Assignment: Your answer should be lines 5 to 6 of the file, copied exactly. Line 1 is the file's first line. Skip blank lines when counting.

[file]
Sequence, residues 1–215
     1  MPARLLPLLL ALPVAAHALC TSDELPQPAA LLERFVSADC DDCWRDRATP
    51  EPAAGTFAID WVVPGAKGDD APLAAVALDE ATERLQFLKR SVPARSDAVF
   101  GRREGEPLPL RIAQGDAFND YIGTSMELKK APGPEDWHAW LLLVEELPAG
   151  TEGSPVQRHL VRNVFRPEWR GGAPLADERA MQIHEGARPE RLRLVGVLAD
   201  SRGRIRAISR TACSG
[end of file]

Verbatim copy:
   151  TEGSPVQRHL VRNVFRPEWR GGAPLADERA MQIHEGARPE RLRLVGVLAD
   201  SRGRIRAISR TACSG